Or, why vacation, and escaping reality and your kids, is vital to your marriage and your sanity.
My husband and I recently went on a week-long vacation with eight close friends, sans kids. It was probably the best thing that we could have done for ourselves, and for our marriage.
The last time that my husband and I vacationed alone together was also our first; it was November 2011, and the first year we were dating.
Life for the next five years stretched out full-speed ahead; while I have two daughters from a previous relationship that we were raising, we also purchased a home, got engaged, got married, had a baby, and went on a large family trip that included kids and our extended families which also doubled as our Honeymoon. There was not any extended adult time for us, and if there was, it was usually at the sacrifice of one of us for the other. I spent long weekends away with girlfriends at least once a year, my husband traveled mostly for work or golf, but the opportunities that we made for ourselves to spend time together for any extended period of time were non-existent.
Life’s funny like that. Not in the humorous sort of way, but in the ironic blink-and-you-miss-five-years-if-you’re-not-intentional sort of way.
Over the past year, I have been working on self-fulfillment. I have enrolled in several art classes and a cooking class. I have registered and participated in programs for self-care and spent a lot of time reading personal development books. A few close friends and I started an accountability group, where we discuss our personal goals on a regular basis and support each other in becoming the women that we hope to be someday. I have been very intentional about the time and the practices that I am partaking in, and carving out boundaries around them; my family has been extremely supportive of these endeavors, and I am a better mom and wife because of this.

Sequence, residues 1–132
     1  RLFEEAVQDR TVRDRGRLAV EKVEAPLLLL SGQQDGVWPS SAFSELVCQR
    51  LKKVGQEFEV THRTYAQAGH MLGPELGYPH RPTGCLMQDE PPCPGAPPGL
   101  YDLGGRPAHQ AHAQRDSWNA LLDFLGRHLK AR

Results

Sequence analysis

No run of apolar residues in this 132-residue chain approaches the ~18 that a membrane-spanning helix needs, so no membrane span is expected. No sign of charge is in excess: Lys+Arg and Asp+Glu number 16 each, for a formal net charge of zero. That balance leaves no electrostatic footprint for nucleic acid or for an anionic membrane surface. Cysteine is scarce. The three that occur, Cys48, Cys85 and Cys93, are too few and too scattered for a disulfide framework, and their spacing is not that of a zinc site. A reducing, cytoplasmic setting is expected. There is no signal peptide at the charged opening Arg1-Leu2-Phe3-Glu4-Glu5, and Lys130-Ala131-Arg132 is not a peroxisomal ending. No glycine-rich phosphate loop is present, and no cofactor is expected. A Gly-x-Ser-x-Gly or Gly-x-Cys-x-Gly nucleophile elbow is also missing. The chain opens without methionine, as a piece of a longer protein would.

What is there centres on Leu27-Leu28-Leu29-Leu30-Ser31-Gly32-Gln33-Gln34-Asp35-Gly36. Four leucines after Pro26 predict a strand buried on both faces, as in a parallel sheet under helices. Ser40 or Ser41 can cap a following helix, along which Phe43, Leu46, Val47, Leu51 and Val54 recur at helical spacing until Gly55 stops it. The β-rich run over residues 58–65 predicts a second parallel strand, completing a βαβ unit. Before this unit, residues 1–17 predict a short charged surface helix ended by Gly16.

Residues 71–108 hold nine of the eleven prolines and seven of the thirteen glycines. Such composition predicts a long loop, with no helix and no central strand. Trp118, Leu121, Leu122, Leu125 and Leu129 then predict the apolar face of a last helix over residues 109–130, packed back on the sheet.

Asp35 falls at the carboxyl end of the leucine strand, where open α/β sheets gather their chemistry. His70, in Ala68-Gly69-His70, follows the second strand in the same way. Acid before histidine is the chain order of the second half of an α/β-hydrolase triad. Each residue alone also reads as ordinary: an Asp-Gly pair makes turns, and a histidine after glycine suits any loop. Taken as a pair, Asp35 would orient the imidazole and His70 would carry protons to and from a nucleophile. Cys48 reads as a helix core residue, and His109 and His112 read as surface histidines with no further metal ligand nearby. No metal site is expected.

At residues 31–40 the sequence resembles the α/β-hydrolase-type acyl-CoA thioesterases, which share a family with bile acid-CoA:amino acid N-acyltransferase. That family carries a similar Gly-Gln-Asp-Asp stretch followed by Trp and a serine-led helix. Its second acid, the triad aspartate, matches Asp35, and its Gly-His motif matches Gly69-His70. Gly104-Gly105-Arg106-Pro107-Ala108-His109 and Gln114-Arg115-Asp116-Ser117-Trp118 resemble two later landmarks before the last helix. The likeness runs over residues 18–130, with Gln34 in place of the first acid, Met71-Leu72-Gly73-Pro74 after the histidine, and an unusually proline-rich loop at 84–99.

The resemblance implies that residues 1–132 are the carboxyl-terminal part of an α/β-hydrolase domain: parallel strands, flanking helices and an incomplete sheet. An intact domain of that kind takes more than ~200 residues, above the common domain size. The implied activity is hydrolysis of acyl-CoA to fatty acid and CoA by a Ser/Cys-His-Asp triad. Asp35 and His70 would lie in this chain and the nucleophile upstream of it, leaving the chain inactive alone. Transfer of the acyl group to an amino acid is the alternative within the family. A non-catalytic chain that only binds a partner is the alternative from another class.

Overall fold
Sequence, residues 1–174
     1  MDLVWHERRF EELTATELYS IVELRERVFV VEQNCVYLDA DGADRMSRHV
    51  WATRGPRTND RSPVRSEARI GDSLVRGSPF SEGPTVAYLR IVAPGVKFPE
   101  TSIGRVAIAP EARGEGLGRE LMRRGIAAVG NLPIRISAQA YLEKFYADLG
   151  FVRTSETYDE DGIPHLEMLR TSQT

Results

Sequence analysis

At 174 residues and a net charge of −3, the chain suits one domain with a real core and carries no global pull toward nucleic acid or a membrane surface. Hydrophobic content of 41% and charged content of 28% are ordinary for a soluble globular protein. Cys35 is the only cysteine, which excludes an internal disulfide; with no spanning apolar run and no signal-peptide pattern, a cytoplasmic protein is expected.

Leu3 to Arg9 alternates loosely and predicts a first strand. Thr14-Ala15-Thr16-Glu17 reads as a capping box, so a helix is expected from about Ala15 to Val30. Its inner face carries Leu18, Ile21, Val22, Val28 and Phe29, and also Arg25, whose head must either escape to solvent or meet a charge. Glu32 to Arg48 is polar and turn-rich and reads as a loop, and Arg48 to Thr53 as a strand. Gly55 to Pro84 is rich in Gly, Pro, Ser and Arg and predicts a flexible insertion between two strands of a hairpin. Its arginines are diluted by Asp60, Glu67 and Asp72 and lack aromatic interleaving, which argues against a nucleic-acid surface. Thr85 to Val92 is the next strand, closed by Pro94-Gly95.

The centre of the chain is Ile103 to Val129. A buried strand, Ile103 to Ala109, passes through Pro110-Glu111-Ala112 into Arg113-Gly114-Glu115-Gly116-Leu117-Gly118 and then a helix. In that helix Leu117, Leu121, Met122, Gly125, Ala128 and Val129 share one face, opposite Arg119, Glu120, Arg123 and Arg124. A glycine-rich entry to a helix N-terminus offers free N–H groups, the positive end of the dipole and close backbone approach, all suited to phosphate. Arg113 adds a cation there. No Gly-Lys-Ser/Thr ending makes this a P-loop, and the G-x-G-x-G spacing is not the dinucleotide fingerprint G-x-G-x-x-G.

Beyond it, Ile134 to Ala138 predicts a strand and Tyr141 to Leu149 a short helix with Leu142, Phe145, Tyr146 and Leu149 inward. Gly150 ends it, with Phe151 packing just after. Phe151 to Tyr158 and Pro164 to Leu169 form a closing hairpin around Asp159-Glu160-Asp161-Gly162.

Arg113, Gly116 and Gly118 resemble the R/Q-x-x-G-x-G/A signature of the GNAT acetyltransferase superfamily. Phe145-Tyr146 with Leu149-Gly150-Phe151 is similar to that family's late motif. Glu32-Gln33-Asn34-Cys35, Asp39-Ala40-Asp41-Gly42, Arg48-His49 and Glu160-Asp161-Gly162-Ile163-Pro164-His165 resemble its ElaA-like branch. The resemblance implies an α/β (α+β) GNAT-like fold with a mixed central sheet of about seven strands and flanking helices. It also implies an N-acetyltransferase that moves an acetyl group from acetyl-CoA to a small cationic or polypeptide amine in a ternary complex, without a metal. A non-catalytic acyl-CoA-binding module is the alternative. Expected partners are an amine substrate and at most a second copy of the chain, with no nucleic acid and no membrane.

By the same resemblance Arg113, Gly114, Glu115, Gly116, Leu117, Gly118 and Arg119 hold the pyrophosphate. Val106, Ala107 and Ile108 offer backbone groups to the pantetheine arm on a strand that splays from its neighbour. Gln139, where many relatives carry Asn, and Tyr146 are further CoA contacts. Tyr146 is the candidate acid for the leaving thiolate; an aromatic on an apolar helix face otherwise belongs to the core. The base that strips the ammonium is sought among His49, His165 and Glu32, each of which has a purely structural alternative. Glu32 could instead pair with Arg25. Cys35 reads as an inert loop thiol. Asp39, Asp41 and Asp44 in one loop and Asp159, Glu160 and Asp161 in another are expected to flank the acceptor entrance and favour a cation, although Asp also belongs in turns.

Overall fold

While I have been working on my personal growth as a woman, I haven’t necessarily worked on myself as a wife, or who I am as a woman in my relationship.
My vacation with my husband was about a year in the making once we decided to book the trip, and I realized a few months ago how little time my husband and I were committing to each other. We were consumed with raising our family, selling our first home and buying another, struggling with the challenges of living with my parents during the interim, and our careers; life was steamrolling by and we weren’t focusing on growing in our relationship with each other.
This is true of many, if not all couples that I know who have children.
When you step away from the responsibilities of managing a family, you have the ability to focus on each other in a way that you can’t when the constant check-lists and urgencies that exist in day-to-day family life are competing for attention. You also have the chance to reconnect with yourself, because who you are, as an individual likely gets just as lost in the shuffle of all of the mom things.
When you don’t mindfully create that time, it is readily consumed by the next banal task or activity.